Press release | Feb. 26, 2021

Global Witness stands in solidarity with Congolese whistleblowers speaking out against alleged international money laundering network

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Today, two Congolese whistleblowers formerly employed at Afriland First Bank have revealed their identities and their stories publicly for the first time. Their testimonial and the documents they shared with the Platform to Protect Whistleblowers in Africa (PPLAAF) and Global Witness formed the basis of an investigation carried out jointly and published in July 2020, Undermining Sanctions, and of several other pieces published in Bloomberg, Le Monde and Haaretz.

The two whistleblowers, Navy Malela and Gradi Koko, worked for several years at the auditing department of Afriland First Bank, the Congolese branch of a Cameroonian bank. Both of them noticed irregularities and report having seen US-sanctioned mining magnate Dan Gertler walking in the bank. They raised their concern internally before escaping the country and sharing evidence with PPLAAF and Global Witness, despite great personal risk. Both of them now live in exile in Europe with their families, after leaving the country following fear for their safety, according to a statement published by PPLAAF.

The documents provided by Malela and Koko helped Global Witness and PPLAAF reveal that controversial billionaire Dan Gertler appeared to have used a money laundering network stretching from Democratic Republic of Congo (DRC) to Europe and Israel to evade US sanctions against him, funnel millions of dollars abroad, and indirectly acquire new Congolese mining assets. Dan Gertler has denied all allegations of wrongdoing and any attempt to evade the US sanctions or break money laundering laws.

Today, additional documents provided by Malela and Koko to a group of journalists have led to further revelations. An article published by RFI, based on these documents, also suggest that the President of the Congolese Senate extracted $4.4 million from the Senate’s account around the time of the 2019 elections, and that companies with alleged connections to Hezbollah had been banking at Afriland First Bank. The Mail and Guardian also refers to enormous sums that flow into and out of the bank accounts of some of DRC’s political elite, including Zoe Kabila (brother of Joseph) and Richard Muyej, the governor of the copper-rich Lualaba Province.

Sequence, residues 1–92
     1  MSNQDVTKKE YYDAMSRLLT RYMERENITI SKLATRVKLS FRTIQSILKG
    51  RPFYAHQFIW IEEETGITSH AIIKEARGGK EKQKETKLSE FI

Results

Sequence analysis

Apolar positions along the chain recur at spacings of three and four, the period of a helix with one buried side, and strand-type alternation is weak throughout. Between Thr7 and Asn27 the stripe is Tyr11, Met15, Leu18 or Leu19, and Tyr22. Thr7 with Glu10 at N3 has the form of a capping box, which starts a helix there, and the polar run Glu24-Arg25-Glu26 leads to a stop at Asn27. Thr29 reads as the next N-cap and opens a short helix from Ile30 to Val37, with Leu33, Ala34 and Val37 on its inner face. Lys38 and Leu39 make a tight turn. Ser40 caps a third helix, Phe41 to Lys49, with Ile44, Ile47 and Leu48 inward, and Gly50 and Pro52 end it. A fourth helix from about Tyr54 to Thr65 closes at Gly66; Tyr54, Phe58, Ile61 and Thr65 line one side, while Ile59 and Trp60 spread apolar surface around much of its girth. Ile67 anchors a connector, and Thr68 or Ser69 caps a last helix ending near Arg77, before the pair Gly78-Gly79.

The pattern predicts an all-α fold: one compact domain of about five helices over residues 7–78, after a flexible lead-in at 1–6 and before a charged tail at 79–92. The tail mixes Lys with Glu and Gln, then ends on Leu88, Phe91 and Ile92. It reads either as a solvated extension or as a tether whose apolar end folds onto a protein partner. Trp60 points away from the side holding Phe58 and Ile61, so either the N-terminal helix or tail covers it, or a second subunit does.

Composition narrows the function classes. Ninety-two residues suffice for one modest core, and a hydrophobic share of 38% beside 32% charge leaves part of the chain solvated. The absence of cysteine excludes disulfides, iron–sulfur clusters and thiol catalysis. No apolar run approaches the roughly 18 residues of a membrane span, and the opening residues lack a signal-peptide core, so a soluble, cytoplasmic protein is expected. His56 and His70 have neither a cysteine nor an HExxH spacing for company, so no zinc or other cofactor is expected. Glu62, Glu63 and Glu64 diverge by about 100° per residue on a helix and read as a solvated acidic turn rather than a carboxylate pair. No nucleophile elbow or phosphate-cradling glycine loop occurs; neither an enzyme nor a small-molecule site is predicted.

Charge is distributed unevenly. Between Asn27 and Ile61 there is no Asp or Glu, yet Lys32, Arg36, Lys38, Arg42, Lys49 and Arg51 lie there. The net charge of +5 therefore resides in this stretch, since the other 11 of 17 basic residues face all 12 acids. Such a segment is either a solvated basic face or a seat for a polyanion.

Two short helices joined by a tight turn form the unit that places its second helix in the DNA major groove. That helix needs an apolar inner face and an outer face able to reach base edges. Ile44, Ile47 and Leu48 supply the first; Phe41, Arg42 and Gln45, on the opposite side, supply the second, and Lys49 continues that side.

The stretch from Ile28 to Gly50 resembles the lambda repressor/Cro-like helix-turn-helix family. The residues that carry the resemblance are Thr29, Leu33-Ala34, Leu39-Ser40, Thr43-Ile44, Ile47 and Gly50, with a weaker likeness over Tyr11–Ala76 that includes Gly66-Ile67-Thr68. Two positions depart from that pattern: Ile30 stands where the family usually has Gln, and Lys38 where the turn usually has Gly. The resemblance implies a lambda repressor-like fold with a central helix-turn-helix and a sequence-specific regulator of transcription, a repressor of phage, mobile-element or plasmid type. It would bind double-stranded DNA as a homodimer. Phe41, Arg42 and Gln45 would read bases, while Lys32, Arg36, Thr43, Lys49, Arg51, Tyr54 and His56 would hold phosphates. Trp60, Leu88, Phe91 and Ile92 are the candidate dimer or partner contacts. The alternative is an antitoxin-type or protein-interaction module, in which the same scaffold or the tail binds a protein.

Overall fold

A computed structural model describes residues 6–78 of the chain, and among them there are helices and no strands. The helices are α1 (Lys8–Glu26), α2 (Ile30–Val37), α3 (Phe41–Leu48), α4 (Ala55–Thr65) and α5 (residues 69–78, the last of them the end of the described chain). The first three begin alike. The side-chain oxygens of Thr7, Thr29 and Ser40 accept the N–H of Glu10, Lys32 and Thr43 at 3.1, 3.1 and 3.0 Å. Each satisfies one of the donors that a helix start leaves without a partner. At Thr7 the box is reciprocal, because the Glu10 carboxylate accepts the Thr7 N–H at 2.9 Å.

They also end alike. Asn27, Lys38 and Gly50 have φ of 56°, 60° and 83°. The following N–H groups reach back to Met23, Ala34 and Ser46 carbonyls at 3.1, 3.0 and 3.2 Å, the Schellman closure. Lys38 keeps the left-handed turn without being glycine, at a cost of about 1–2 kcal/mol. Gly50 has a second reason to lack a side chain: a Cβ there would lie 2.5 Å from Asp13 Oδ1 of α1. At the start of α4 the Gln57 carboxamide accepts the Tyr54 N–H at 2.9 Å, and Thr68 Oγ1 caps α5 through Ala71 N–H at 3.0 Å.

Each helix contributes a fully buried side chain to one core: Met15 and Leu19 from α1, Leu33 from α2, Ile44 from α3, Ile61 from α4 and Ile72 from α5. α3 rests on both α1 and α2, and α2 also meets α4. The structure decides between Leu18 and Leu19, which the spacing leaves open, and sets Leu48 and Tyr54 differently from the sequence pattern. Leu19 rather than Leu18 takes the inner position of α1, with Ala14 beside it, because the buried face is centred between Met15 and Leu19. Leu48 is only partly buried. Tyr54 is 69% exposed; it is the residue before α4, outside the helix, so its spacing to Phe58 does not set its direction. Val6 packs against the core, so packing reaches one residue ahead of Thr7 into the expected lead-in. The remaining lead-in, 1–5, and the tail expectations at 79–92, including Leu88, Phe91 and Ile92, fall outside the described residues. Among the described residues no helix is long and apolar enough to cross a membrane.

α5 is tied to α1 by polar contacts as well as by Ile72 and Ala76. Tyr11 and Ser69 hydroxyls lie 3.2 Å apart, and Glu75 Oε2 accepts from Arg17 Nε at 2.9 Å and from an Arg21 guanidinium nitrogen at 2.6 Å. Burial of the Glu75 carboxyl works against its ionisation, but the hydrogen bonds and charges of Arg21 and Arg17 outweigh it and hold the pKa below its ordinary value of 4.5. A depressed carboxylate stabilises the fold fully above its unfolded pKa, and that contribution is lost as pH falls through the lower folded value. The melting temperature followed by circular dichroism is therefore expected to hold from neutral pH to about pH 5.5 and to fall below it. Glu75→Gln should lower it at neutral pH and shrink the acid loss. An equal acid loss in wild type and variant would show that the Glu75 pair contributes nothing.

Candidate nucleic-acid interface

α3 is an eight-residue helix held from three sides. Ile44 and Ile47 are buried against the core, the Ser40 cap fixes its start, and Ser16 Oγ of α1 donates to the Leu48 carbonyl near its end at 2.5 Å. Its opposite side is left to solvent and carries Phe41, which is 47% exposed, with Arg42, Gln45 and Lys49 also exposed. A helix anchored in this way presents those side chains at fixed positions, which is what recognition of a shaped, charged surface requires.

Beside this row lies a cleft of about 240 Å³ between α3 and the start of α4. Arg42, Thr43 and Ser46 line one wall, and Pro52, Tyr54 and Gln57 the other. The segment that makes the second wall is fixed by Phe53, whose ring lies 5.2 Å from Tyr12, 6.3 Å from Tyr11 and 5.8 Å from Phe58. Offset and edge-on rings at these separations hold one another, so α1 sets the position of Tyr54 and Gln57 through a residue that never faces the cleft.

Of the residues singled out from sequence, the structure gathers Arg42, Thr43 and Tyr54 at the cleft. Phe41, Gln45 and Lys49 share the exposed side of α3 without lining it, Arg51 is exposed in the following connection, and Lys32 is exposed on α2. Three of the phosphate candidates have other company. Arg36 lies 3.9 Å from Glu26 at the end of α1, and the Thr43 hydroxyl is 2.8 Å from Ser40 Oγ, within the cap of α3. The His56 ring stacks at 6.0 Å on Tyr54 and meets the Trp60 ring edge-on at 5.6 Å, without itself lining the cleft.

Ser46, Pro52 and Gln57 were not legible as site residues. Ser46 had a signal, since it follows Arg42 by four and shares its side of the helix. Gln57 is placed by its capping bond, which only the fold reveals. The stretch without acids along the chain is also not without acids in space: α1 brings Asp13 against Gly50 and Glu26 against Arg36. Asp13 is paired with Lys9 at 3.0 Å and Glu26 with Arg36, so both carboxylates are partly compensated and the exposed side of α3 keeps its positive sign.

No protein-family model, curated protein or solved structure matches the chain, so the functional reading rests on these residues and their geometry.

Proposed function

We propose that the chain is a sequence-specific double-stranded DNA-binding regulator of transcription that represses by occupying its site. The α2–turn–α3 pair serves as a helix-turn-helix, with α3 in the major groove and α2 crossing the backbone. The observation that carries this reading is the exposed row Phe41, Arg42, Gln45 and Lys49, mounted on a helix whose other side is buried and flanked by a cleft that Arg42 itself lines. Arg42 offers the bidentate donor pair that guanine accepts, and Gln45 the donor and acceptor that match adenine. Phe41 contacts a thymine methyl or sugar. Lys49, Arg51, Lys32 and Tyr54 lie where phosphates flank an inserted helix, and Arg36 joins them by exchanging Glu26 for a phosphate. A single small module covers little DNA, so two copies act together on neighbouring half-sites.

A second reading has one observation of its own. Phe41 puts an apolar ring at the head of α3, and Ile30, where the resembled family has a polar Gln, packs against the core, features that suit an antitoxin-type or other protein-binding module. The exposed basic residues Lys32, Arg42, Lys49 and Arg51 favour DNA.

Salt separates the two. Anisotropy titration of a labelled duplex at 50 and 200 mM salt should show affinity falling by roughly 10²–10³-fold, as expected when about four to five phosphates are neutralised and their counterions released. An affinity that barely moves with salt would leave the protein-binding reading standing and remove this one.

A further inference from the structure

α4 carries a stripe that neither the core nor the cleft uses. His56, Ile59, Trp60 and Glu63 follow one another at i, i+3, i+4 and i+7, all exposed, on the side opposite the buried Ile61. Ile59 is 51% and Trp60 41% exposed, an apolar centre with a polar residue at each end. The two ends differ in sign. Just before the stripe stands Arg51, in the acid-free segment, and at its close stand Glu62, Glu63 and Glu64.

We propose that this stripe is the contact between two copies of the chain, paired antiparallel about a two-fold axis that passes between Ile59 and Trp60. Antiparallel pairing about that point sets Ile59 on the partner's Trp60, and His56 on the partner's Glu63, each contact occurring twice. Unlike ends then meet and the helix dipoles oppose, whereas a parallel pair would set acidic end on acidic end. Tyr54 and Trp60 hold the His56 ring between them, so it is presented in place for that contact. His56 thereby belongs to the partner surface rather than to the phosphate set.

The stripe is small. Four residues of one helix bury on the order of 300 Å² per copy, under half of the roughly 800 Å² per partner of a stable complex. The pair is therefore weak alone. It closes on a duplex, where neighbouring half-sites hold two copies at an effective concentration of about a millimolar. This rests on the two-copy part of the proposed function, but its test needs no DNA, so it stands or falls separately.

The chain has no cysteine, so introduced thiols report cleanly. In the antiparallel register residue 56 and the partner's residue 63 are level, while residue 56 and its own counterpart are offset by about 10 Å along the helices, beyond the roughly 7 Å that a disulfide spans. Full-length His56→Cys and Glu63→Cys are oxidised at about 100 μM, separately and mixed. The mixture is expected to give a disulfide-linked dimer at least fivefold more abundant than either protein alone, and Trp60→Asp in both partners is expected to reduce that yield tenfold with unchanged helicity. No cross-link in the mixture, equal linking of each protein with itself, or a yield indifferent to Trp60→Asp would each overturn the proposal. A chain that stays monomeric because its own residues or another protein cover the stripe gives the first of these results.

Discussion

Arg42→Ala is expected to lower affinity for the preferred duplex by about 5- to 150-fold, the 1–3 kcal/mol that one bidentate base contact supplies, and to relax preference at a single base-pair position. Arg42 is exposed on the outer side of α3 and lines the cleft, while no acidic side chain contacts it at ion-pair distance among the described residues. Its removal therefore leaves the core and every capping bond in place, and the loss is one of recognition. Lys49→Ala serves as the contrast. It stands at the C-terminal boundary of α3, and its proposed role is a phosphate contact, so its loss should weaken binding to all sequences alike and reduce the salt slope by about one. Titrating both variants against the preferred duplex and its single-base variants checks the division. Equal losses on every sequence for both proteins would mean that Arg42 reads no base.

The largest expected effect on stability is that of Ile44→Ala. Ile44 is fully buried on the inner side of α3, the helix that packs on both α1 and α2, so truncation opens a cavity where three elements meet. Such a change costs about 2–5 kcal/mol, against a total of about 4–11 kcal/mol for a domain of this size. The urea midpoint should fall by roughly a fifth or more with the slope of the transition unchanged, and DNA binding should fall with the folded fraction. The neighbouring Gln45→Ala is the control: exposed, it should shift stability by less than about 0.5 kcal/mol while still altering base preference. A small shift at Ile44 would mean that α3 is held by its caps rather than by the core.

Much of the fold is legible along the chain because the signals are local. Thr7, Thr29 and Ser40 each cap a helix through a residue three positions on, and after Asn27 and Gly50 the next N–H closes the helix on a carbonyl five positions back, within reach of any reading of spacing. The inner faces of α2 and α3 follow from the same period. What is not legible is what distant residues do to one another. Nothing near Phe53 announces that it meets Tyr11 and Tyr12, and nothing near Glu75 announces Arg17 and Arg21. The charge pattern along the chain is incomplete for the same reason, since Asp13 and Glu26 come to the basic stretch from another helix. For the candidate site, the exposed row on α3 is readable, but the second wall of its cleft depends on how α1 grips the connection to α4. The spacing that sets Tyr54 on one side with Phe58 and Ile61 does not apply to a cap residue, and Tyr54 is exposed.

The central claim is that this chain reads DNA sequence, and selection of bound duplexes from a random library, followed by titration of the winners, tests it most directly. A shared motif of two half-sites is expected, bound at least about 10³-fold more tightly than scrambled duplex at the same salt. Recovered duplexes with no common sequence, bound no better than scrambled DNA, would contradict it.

Afriland First Bank’s lawyer, Eric Moutet, said in an RFI interview that Malela and Koko had been convicted and sentenced in front of a Congolese court to the death penalty. Global Witness takes these allegations extremely seriously and has been working closely with PPLAAF to determine the truth of these allegations. So far, NGOs and journalists have been unable to obtain a copy of any verdict, despite their attempts, including from the court that would have overseen the case.

“Global Witness stands in solidarity with Navy Malela and Gradi Koko, who decided to share information related to apparent financial misconduct they had seen with PPLAAF and Global Witness. They took this decision out of a great sense of duty and despite great risks to themselves and their families,” said Margot Mollat, Campaigner at Global Witness.

"If true, it is incredible that whistleblowers could be sentenced to death without having the chance to defend themselves, and that the DRC would not prosecute those who allow the money of the Congolese people to disappear," said Navy Malela in PPLAAF’s statement.

“Whatever the true position, it is deeply disturbing to see reports that a Congolese court could have tried two men without their knowledge and in their absence, let alone, convicted and sentenced them to death. We are concerned by the repressive and dangerous attempts to punish Congolese citizens standing up for transparency and accountability,” said Mollat.

“These brave whistleblowers have put their lives on the line to speak out and expose corruption and corporate abuse of power. This takes extraordinary courage and commitment to the public good,” added Mollat.

Efforts to target those exposing these corrupt practices has extended to Global Witness and PPLAAF. Since the publication of the first revelations in July 2020, both organisations have been subjected to abusive threats of legal claims and criminal complaints. Separately we and our media partners have faced relentless and apparently coordinated attacks by anonymous social media accounts.

As a result, on 15 December 2020, PPLAAF filed a complaint for obstructing freedom of expression and association, invasion of privacy and slanderous denunciation before the Paris public prosecutor's office. The complaint calls for a preliminary investigation into the apparent acts of reprisals against Global Witness and PPLAAF’s July report.

In December 2020, the US Treasury issued Gertler a special licence, which essentially allows him to resume his business with US entities and access frozen funds during a period of one year. The recent move by the Trump administration to ease sanctions against Dan Gertler comes as a massive blow to Congolese and international organisation fighting corruption in DRC, and to Koko and Malela, who risked everything to disclose documents suggesting sanctions evasion. Global Witness and its Congolese and international partners continues to call on the Biden administration to urgently review the circumstances that led to the easing of sanctions against Dan Gertler, and to reinstate them in full.

At the time of publication, journalists were unable to reach Richard Mujev, Zoe Kabila, and the President of the Congolese senate. Afriland First Bank provided a long response to RFI

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Credit for listing image: Liran Hutmacher/ PPLAAF